November 17, 2022 | Net Health

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​Stabilizing Medicare Access to Rehabilitation and Therapy (SMART) Act (H.R.5536)

On January 1, 2022, a 15% Medicare payment reduction went into effect for care provided “in-whole or in-part” by a physical therapy assistant (PTA) or occupational therapist assistant (OTA).  Since the Bipartisan Budget Act of 2018 (BBA)1 required this cut be implemented, CMS and stakeholders worked together to develop regulations around this policy.  CMS regulations state that the payment differential is to be triggered when more than 10% of the therapy service is furnished by the PTA or OTA.  This threshold is also referred to as a “de minimis” standard.

As introduced in 2021, the bipartisan Stabilizing Medicare Access to Rehabilitation and Therapy (SMART) Act (H.R.5536)2 sought to push back the implementation of the cut until January 2023.  As it is now almost the end of 2022, that provision of the bill has been set aside.  The two remaining elements of the SMART Act are being discussed with lawmakers and their staff.  One provision seeks to respond to the reality that therapy assistants play crucial roles in providing care to patients in underserved and rural communities.  Due to a number of factors, it is both a financial and recruitment challenge to staff a physical therapy clinic in these types of communities.  The bill therefore seeks to exempt PTAs and OTAs who provide care in rural or medically underserved areas from the 15% differential.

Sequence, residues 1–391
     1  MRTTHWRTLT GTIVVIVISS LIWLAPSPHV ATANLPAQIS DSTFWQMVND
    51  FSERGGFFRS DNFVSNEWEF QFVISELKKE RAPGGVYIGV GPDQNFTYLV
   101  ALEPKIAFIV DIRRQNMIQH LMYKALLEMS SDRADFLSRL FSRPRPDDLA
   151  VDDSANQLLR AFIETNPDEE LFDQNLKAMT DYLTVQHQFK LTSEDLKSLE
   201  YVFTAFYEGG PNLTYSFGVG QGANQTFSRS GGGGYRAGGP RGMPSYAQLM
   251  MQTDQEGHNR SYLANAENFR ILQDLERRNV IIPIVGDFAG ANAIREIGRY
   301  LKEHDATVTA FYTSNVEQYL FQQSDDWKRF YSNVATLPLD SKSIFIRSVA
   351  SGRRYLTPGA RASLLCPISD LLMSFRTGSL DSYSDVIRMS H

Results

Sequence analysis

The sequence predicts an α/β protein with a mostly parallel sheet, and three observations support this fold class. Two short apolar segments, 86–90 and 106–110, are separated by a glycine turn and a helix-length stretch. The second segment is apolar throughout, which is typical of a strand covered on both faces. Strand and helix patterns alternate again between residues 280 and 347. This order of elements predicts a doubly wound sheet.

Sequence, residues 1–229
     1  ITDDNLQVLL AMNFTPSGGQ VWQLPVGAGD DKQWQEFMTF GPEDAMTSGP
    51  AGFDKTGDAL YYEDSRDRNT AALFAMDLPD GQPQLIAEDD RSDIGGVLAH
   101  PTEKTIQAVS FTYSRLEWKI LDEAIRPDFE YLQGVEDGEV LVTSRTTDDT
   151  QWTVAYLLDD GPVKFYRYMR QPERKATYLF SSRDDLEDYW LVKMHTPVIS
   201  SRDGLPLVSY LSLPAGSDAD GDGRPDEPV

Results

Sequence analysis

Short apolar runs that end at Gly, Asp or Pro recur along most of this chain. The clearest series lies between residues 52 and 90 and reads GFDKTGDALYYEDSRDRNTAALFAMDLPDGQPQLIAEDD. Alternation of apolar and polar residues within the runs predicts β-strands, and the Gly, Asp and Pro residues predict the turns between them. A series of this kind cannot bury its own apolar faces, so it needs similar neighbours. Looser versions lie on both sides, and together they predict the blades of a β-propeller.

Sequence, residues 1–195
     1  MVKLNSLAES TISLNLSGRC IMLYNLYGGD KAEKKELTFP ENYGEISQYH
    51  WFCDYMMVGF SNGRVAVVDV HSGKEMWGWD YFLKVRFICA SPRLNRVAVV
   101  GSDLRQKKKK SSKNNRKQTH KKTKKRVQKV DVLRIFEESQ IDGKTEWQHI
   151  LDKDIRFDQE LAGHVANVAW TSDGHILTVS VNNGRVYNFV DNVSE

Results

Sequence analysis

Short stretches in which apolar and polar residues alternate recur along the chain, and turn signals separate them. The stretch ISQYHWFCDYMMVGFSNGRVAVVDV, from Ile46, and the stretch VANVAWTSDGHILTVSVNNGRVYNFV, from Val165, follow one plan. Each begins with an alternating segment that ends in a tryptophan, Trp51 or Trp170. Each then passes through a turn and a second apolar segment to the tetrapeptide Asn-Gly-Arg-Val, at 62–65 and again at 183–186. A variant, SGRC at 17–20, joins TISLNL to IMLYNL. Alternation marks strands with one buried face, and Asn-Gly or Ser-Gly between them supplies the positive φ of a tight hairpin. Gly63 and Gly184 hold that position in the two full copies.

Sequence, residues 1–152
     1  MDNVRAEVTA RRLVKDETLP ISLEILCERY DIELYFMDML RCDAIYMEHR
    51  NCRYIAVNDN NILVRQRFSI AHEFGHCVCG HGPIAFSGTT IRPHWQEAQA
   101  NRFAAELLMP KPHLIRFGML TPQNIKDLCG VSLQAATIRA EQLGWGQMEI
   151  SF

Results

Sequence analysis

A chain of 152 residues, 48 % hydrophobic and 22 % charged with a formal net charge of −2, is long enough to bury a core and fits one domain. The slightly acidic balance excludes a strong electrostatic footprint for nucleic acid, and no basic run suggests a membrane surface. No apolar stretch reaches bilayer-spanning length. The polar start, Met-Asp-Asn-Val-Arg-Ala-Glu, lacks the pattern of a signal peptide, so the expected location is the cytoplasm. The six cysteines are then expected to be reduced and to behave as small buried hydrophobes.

The SMART Act also addresses the therapist assistant supervision standard.  Current Medicare rules require direct supervision of therapist assistants in outpatient clinical settings, while in all other settings, general supervision is sufficient.  Should H.R.5536 be enacted, it would prohibit Medicare from requiring direct supervision in private practice settings if the state law allows for general supervision.  Currently only New York and Washington D.C. require full direct supervision of PTAs and only Kentucky requires direct supervision for OTAs in outpatient clinical settings.

It is possible for this bill to be part of an end-of-year legislative effort.  If this bill would help your bottom line or reduce your administrative burdens, reach out to your Representative and ask them to cosponsor the SMART Act (H.R.5536).



1Bipartisan Budget Act of 2018, Public Law 115–123 (02/09/2018).

2Text of Stabilizing Medicare Access to Rehabilitation and Therapy (SMART) Act (H.R.5536):

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